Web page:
If there are N records, there are in log2(N) levels (each being a plain B-tree in a file named "A-level.data"). The file
A-0.data has 1 record,
A-1.data has 2 records,
A-2.data has 4 records, and so on:
A-n.data has 2n records.
In "stable state", each level file is either full (there) or empty (not there); so if there are e.g. 20 records stored, then there are only data in filed
A-2.data (4 records) and
A-4.data (16 records).
OK, I've told you a lie. In practice, it is not practical to create a new file for each insert (injection at level #0), so we allows you to define the "top level" to be a number higher that #0; currently defaulting to #5 (32 records). That means that you take the amortization "hit" for ever 32 inserts.
Lookup is quite simple: starting at
A-0.data, the sought for Key is searched in the B-tree there. If nothing is found, search continues to the next data file. So if there are N levels, then N disk-based B-tree lookups are performed. Each lookup is "guarded" by a bloom filter to improve the likelihood that disk-based searches are only done when likely to succeed.
Insertion works by a mechanism known as B-tree injection. Insertion always starts by constructing a fresh B-tree with 1 element in it, and "injecting" that B-tree into level #0. So you always inject a B-tree of the same size as the size of the level you're injecting it into.
- If the level being injected into empty (there is no A-level.data file), then the injected B-tree becomes the contents for that level (we just rename the file).
- The injected tree file is renamed to B-level.data;
- The files A-level.data and B-level.data are merged into a new temporary B-tree (of roughly double size), X-level.data.
- The outcome of the merge is then injected into the next level.
- The injected tree file is renamed to B-level.data;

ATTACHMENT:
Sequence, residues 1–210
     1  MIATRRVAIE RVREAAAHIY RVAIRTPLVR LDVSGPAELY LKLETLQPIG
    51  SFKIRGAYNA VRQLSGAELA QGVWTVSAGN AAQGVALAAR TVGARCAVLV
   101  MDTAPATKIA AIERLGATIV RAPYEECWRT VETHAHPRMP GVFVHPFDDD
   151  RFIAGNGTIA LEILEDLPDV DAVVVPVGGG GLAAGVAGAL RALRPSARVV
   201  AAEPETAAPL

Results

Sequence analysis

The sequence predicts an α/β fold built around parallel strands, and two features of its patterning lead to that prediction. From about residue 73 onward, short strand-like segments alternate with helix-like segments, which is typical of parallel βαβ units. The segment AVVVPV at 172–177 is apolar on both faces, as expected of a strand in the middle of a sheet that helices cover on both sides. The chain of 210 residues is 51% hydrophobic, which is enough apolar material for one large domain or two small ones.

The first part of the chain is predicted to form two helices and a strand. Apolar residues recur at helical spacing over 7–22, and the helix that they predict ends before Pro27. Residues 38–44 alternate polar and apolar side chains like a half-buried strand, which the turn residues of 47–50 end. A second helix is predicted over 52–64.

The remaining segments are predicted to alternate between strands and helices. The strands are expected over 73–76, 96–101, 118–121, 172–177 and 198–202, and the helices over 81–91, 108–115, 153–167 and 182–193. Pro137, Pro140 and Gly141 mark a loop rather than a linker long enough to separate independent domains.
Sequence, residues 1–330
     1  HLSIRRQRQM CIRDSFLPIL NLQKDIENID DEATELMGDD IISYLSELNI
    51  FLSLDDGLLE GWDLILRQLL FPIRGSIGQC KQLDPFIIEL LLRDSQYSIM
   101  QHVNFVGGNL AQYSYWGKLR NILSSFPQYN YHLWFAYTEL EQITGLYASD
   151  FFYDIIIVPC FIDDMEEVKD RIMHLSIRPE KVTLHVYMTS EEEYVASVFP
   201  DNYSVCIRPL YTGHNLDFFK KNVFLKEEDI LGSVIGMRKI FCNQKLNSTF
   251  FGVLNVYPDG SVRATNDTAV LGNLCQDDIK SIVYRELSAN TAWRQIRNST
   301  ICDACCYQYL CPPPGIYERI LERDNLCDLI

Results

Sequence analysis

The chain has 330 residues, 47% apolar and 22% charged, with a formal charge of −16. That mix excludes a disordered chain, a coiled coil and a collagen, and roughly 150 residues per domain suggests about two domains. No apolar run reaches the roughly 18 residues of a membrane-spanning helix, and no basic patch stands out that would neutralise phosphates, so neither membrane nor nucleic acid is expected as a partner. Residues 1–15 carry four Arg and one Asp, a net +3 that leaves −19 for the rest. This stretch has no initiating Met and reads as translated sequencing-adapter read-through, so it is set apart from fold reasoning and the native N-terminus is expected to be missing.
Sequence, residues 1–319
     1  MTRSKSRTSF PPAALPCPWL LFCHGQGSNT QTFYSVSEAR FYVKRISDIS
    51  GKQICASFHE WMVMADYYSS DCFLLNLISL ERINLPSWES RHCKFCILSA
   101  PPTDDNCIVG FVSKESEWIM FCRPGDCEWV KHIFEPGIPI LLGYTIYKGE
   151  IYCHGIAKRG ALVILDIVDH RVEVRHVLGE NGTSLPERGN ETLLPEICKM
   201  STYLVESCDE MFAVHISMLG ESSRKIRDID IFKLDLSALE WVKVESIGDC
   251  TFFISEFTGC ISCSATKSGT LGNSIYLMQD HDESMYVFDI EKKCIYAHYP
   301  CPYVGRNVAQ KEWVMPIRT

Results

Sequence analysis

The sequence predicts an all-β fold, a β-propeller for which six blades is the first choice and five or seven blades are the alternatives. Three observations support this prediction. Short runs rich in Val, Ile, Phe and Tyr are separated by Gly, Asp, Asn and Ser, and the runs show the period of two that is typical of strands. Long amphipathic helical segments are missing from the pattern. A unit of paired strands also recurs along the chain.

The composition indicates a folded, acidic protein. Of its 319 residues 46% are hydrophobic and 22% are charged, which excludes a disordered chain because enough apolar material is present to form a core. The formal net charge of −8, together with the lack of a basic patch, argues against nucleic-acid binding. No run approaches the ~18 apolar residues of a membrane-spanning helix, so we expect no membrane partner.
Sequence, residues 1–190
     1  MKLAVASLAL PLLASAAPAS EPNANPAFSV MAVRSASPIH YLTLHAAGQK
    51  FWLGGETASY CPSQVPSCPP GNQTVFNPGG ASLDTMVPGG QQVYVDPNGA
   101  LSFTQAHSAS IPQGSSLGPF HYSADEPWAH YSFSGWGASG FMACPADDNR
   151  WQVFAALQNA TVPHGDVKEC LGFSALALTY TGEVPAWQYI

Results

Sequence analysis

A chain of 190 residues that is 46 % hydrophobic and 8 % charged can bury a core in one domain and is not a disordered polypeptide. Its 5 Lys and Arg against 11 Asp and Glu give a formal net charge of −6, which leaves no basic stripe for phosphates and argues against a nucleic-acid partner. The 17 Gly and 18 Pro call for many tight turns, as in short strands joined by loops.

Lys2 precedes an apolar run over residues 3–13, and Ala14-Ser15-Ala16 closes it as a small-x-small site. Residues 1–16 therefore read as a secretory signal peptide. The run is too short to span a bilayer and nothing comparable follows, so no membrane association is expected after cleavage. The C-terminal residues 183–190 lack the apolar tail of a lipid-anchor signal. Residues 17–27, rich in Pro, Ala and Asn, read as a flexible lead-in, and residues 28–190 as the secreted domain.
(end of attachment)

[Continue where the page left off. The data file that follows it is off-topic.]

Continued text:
While merging, lookups at level n first consults the B-n.data file, then the A-n.data file. At a given level, there can only be one merge operation active.
Overwrite and Delete
Overwrite is done by simply doing a new insertion. Since search always starts from the top (level #0 ... level#n), newer values will be at a lower level, and thus be found before older values. When merging, values stored in the injected tree (that come from a lower-numbered level) have priority over the contained tree.
Deletes are the same: they are also done by inserting a tombstone (a special value outside the domain of values). When a tombstone is merged at the currently highest numbered level it will be discarded. So tombstones have to bubble "down" to the highest numbered level before it can be truly evicted.
The really clever thing about this storage mechanism is that merging is guaranteed to be able to "keep up" with insertion. Bitcask for instance has a similar merging phase, but it is separated from insertion. This means that there can suddenly be a lot of catching up to do. The flip side is that you can then decide to do all merging at off-peak hours, but it is yet another thing that need to be configured.
With LSM B-Trees; back-pressure is provided by the injection mechanism, which only returns when an injection is complete. Thus, every 2nd insert needs to wait for level #0 to finish the required merging; which - assuming merging has linear I/O complexity - is enough to guarantee that the merge mechanism can keep up at higher-numbered levels.